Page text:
The approach was simple, a combination email scam and social engineering phone call. All it took was a call to St. Ambrose Catholic Parish, claiming to be Marous Brothers Construction, a company working on a church renovation project for the past two months. But the phone call wasn’t from Marous Brothers Construction. The scammers told the church that payments were late.
A statement from the Saint Ambrose Catholic Parish's Father Bob Stec said:
On Wednesday, Marous Brothers [construction] called inquiring as to why we had not paid our monthly payment on the project for the past two months totaling approximately $1,750,000. This was shocking news to us, as we have been very prompt on our payments every month and have received all the appropriate confirmations from the bank that the wire transfers of money to Marous were executed/confirmed.
The scammers convinced the church that the construction company they hired had changed their bank. Hindsight being 20/20, whoever received the call should have confirmed with another source. But they didn't. Father Stec explained:
Upon a deeper investigation by the FBI, we found that our email system was hacked and the perpetrators were able to deceive us into believing Marous Brothers had changed their bank and wiring instructions. The result is that our payments were sent to a fraudulent bank account and the money was then swept out by the perpetrators before anyone knew what had happened.
According to the FBI, the criminals breached the church's email account, then began a waiting game during which the hackers sat back and read all of the conversations in the inbox. Eventually, they were able to glean enough information to convince the church to wire them money. Before the church realized, it was out $1.75 million in the middle of a major renovation, and all it took was a few emails, some Photoshop skills, and a phone call to derail the good intentions of the parish.
Protect Thyself: Even the Sacred Are at Risk
In 2019, even a cyberattack on a church shouldn't surprise anyone. According to the FBI, cybercrime losses doubled in 2018 over the previous year. It wouldn't be shocking, based on trends, for 2019 to up the ante even further. With cybercrime prevention all over the news, more individuals and organizations are realizing that they must get proactive at protecting themselves; this story should serve as a warning to all organizations, even those not operated for profit or that are religiously affiliated.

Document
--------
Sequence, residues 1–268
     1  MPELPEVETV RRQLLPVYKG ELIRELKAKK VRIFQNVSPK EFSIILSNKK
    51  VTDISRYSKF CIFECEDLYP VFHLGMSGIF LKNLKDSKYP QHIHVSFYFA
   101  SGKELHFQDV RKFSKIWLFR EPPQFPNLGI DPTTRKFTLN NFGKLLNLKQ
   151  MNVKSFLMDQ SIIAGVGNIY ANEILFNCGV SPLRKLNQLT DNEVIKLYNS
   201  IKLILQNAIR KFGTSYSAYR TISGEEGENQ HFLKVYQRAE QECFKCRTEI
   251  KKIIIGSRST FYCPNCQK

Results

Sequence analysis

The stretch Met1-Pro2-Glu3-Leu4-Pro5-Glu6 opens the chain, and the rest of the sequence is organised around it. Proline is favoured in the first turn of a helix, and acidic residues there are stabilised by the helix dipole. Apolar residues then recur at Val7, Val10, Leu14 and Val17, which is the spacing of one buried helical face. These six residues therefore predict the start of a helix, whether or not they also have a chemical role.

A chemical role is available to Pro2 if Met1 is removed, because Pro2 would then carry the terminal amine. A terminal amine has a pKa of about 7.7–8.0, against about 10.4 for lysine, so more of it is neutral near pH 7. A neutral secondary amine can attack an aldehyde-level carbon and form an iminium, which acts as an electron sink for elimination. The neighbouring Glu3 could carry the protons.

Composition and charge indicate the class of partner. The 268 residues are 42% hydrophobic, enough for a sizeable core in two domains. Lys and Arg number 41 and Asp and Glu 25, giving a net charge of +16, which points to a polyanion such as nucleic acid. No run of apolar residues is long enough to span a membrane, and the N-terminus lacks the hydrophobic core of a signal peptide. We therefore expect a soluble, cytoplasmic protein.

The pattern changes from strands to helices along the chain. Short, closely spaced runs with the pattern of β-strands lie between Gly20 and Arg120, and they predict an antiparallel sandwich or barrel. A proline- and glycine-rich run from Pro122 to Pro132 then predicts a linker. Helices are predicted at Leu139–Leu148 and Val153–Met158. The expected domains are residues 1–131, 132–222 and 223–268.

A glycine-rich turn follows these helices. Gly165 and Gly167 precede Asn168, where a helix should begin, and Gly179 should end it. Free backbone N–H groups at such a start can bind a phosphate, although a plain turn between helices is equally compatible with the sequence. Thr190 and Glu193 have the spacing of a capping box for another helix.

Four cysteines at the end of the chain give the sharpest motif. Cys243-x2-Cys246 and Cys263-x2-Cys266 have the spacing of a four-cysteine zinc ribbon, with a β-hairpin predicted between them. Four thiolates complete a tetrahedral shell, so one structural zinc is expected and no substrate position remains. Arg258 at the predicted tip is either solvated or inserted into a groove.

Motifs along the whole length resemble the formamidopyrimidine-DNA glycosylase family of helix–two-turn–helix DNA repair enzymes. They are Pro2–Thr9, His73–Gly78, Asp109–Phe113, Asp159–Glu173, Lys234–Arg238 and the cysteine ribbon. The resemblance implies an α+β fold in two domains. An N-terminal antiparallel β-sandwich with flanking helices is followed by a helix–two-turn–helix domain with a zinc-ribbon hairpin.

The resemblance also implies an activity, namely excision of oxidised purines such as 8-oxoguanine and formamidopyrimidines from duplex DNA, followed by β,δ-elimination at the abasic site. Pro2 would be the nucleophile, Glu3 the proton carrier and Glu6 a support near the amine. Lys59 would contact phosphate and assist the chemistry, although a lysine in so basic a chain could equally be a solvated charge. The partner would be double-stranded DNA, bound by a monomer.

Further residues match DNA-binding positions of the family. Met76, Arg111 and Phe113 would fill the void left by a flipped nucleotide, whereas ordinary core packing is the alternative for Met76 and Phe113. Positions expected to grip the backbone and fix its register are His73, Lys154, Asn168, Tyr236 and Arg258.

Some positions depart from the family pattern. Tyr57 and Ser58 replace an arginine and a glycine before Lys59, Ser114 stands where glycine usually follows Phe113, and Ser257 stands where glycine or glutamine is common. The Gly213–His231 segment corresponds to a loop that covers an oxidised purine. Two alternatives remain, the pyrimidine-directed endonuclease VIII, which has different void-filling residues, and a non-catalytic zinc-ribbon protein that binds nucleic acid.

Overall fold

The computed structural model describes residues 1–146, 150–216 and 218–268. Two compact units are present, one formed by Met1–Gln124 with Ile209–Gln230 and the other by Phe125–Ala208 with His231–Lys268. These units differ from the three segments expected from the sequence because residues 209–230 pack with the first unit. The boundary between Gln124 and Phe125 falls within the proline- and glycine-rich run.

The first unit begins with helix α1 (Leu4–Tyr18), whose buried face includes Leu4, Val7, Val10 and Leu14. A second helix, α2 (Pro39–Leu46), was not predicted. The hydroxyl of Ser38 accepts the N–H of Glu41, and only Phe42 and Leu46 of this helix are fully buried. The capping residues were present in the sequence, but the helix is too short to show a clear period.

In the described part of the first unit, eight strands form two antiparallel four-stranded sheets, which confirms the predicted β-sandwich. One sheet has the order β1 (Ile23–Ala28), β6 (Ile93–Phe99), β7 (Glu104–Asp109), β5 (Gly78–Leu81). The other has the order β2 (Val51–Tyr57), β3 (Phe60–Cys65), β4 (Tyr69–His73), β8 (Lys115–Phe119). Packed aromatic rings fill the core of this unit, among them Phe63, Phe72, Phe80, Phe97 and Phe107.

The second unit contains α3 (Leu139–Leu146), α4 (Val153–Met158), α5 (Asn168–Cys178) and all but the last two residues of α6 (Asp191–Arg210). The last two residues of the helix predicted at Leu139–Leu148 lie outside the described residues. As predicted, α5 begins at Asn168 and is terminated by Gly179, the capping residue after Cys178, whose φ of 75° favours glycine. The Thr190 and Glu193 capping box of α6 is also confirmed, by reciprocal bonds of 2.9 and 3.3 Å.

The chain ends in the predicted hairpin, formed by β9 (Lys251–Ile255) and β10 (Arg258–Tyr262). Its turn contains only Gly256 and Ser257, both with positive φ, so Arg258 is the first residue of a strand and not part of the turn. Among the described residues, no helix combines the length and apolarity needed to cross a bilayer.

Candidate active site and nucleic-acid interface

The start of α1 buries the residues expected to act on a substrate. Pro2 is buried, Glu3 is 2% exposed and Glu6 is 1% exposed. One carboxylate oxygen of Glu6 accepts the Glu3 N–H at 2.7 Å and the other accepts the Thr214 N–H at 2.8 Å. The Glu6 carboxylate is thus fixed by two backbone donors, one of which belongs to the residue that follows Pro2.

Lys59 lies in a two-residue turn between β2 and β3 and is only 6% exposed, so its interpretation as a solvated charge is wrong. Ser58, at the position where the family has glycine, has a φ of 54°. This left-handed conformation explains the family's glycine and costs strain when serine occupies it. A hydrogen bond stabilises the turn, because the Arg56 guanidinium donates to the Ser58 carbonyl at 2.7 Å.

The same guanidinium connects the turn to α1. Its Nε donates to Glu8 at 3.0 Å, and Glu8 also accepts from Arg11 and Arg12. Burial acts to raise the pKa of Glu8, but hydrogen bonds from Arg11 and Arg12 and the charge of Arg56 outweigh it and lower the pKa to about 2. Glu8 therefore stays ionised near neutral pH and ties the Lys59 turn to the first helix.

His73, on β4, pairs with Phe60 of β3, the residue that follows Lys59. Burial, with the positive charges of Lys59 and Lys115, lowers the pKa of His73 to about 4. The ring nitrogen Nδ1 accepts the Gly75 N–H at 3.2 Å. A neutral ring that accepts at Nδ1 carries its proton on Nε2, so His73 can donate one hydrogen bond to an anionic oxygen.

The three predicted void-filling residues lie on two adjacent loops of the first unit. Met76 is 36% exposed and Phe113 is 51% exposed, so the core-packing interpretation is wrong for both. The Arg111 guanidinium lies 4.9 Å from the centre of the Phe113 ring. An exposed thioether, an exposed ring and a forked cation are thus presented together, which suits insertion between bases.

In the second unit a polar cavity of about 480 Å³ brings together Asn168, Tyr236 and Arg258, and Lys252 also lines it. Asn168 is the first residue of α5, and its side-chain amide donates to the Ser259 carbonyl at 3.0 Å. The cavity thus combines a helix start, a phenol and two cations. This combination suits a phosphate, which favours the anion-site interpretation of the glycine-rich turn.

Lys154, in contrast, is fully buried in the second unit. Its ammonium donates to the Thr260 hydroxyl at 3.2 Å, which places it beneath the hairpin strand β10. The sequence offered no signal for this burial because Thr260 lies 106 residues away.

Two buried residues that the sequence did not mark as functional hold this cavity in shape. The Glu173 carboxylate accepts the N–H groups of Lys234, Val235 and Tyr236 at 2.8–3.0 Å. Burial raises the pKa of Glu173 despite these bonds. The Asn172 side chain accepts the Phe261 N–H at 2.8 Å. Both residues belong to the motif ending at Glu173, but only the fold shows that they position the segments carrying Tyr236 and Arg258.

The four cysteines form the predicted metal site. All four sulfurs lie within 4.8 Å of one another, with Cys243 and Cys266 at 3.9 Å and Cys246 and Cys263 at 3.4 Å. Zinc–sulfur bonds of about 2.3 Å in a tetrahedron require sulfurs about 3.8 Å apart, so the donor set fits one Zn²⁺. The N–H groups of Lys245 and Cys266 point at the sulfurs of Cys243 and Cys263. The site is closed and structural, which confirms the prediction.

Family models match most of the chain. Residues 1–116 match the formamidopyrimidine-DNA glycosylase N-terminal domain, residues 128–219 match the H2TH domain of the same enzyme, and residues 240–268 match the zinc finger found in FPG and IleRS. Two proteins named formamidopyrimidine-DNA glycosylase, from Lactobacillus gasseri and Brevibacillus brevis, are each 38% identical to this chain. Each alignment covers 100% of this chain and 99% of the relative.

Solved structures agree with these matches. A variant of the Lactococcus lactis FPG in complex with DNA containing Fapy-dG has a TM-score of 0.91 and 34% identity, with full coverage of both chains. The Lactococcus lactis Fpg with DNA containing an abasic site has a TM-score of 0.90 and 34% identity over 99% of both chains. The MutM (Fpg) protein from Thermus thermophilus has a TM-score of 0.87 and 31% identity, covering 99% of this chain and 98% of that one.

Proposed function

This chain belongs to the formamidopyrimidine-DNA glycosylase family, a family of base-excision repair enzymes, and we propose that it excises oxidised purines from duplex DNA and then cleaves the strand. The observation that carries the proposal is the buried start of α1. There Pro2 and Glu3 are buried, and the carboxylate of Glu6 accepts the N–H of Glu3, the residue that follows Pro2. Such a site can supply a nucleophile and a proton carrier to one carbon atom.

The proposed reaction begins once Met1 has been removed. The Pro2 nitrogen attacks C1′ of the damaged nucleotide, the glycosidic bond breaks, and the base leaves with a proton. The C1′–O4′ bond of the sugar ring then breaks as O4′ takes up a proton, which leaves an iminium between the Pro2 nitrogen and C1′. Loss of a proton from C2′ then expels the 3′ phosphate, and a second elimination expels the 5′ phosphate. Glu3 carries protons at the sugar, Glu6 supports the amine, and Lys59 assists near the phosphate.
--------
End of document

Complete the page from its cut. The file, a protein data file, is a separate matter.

A good first step is to shift your security strategy from cybersecurity to cyber resilience, which is essentially a change in emphasis from reactive to proactive. The important point is not to be intimidated by the universe of potential security processes, tools, and strategies. Start with a few simple things.
- Be brilliant at the basics. Simply put, this means doing the small things right, such as staying on top of routine maintenance such as patches, updates, and access permissions.
- Embrace the cloud for security. Take advantage of the secure storage space offered by cloud providers to make data less accessible to cybercriminals.
- Implement data-centric security by encrypting data and restricting access to sensitive information.
- Demand application security by design. Implement best security practices and test them often. With the continuing popularity of phishing, experts would recommend employee training in how to recognize attacks, followed by test fake attempts to evaluate response.
- Engage in proactive defense. A proactive defense includes a firewall, security software, and a strong virtual private network (VPN). The first two provide a protective perimeter that detects, blocks, and removes inbound malware and viruses. The latter creates an anonymous, encrypted internet connection that makes it harder for snoopers to find, intercept, or read data.
Saint Ambrose lost nearly $2 million as a result of the cyberattack, and may or may not get it back. The cost to prevent it could have been as simple as:
- A few hours of paid time for a cybersecurity consultant
- Employee training on how to not get phished
- A few hundred dollars' worth of software (firewall, VPN, etc)